The #1 Digital News Source for Retail Loss Prevention,
IT Security & Safety Executives throughout North America

FREE Daily
eNews Special
Reports Spotlight on
Leadership ORC
News Canadian
Push Vendor
Spotlights LP
Newswire Group LP
The D&D Daily - #1 Digital News Source for Retail Loss Prevention, IT Security & Safety Executives





2011 Archives

LAAORCA Article Featured In LP Magazine With the LAAORCA Golf Tournament on February 15th and the 3rd Annual Conference on February 16th (contact George Torres at 562-233-0916 for sponsorship opportunities) quickly approaching, LP Magazine has featured an article about this noteworthy organization in their current issue. The article is an in-depth dive into the formation and operation of this group. The article, "LAAORCA Taking a Bite Out of Organized Retail Crime" by Adam Paul, discusses the collaborative efforts of law enforcement and retailers and the successes that have spawned through the formation of the coalition.  Thank you Jason Gonzales, Organized Retail Crime Investigations and Loss Prevention District Manager for Rite Aid for sharing this. Click here for full article.

Shoplifting rings target grocery-list items and Prince George's special retail crime unit has helped stop $10 million in 9 months. Prince George's police lieutenant: One store lost about $15K per month from Tide detergent thefts alone. With the Washington-Baltimore region sitting just a rung or two from the top-10 areas in the nation for organized retail theft, police and stores are girding to curb shoplifting, which is expected to pick up during the holiday season. Prince George’s County police, in particular, have organized to get ahead of the problem, which increasingly includes the theft of grocery-list items shamelessly wheeled out the front door in bulk. Laundry detergent, shaving blades, infant formula and diapers might not seem like real attractive bounty, but for thieves who manage to slip in and out with cartloads from several stores a day, sometimes aided by lookouts and accomplices who distract busy workers, they can be solid gold, police and retailers say. "This is big money," said Prince George’s police Lt. Bradley S. Pyle, who leads a new section focused on retail theft that the county formed in March. One Safeway store lost about $15,000 per month from thefts of Tide detergent alone, Pyle said. Before, it was easy for investigators at the district-level, where shoplifting was being handled, to be too overwhelmed by shootings and dangerous crimes to focus on the problem, said Pyle, a former investigative supervisor for District 3 in Palmer Park. The biggest thing that woke us up to it was that the county executive [Rushern Baker (D)] has been trying to get more businesses in the county, and stores said they needed one place to turn to deal with their needs," Pyle said. Managers worried about lawsuits and the danger of confronting thieves often direct employees not to intervene, even if they see or suspect that goods going out the door weren’t purchased. Since the Prince George’s special retail crime unit got started nine months ago, it has investigated the shoplifting of about $10 million worth of goods, Pyle said. To help retailers during the holiday season, Pyle said his unit is working directly with stores’ loss-prevention employees and has stepped up surveillance. In fact, surveillance and undercover work, planned in consultation with the Prince George’s County State’s Attorney’s Office, enabled Prince George’s police to apprehend men involved in large thefts of Tide detergent from Wegman’s in Glenarden, then get one of them to talk about other thefts and where the goods were sold. One business caught in the investigation, which ran from late October into early November, was World Nails on Landover Road in Hyattsville, where, according to Detective Harrison Sprague, the salon’s associates paid $85 for nearly $1,200 worth of goods, including detergent, shower gel and razors. The way a lot of these criminals think is that a person dealing a couple of dollars in Tide is going to be overlooked," Sprague said. "But we’re seeing a bigger picture that wasn’t being seen before — that it adds up to an astronomical value." By sending out officers undercover and flipping thieves they capture to help law enforcement, police hope to stop more "booster" rings before they steal, Pyle said. Although Montgomery County police report that shoplifting incidents for the year through September decreased from 2,117 in 2010 to 1,709 this year, it appears the county has not been immune to the booster rings’ work. (Source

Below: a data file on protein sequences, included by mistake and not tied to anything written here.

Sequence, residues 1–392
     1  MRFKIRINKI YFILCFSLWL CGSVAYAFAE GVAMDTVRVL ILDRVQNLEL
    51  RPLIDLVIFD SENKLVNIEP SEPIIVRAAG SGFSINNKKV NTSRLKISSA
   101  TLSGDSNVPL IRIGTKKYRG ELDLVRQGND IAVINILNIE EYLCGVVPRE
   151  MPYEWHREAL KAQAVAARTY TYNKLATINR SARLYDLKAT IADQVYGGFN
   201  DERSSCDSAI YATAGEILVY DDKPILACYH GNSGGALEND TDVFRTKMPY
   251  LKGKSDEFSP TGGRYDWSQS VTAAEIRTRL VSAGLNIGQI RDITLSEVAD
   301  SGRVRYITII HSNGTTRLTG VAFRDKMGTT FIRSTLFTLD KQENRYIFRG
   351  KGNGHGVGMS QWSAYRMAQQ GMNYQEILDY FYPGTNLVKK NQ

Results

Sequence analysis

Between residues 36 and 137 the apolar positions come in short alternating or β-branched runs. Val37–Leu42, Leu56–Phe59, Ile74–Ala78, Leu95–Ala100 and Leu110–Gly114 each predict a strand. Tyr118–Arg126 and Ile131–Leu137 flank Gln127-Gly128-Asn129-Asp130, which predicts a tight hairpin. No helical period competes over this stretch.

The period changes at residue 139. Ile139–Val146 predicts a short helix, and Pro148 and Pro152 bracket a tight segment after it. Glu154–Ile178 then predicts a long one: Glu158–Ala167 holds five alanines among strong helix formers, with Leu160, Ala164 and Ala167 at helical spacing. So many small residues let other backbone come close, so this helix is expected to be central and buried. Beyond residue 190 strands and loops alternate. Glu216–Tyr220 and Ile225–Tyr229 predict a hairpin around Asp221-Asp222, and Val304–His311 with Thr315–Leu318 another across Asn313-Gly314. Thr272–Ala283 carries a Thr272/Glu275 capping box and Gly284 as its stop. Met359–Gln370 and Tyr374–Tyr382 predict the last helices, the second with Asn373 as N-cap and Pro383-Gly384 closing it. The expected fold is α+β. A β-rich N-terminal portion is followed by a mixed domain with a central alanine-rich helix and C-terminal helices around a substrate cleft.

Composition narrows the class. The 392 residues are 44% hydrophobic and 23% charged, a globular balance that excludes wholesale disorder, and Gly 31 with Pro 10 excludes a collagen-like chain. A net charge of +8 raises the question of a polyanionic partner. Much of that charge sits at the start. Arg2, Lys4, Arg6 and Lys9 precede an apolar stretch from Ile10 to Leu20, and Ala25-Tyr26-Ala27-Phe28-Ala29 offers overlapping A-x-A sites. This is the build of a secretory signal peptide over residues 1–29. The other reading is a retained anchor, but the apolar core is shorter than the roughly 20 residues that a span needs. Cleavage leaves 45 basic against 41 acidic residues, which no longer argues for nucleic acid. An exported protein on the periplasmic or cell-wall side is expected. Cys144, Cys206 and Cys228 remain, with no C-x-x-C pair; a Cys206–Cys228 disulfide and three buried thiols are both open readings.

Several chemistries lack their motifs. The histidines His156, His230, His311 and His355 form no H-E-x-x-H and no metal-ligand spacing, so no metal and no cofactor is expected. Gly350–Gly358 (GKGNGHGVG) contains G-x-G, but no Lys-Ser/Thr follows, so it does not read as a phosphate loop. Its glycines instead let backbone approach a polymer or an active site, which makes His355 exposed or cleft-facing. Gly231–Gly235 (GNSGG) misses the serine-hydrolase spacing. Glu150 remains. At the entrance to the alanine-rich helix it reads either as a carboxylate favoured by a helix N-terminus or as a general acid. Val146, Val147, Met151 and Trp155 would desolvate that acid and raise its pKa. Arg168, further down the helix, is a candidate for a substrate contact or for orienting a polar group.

What's Happening?

Coming in 2012:

Keyword/Phrase Search
Research Capability

Mobile App's

LP Show Coverage

The Top 10


The D&D Daily - #1 Digital News Source for Retail Loss Prevention, IT Security & Safety Executives
Powered by Design By J, LLC
ASP.NET Shopping Cart Software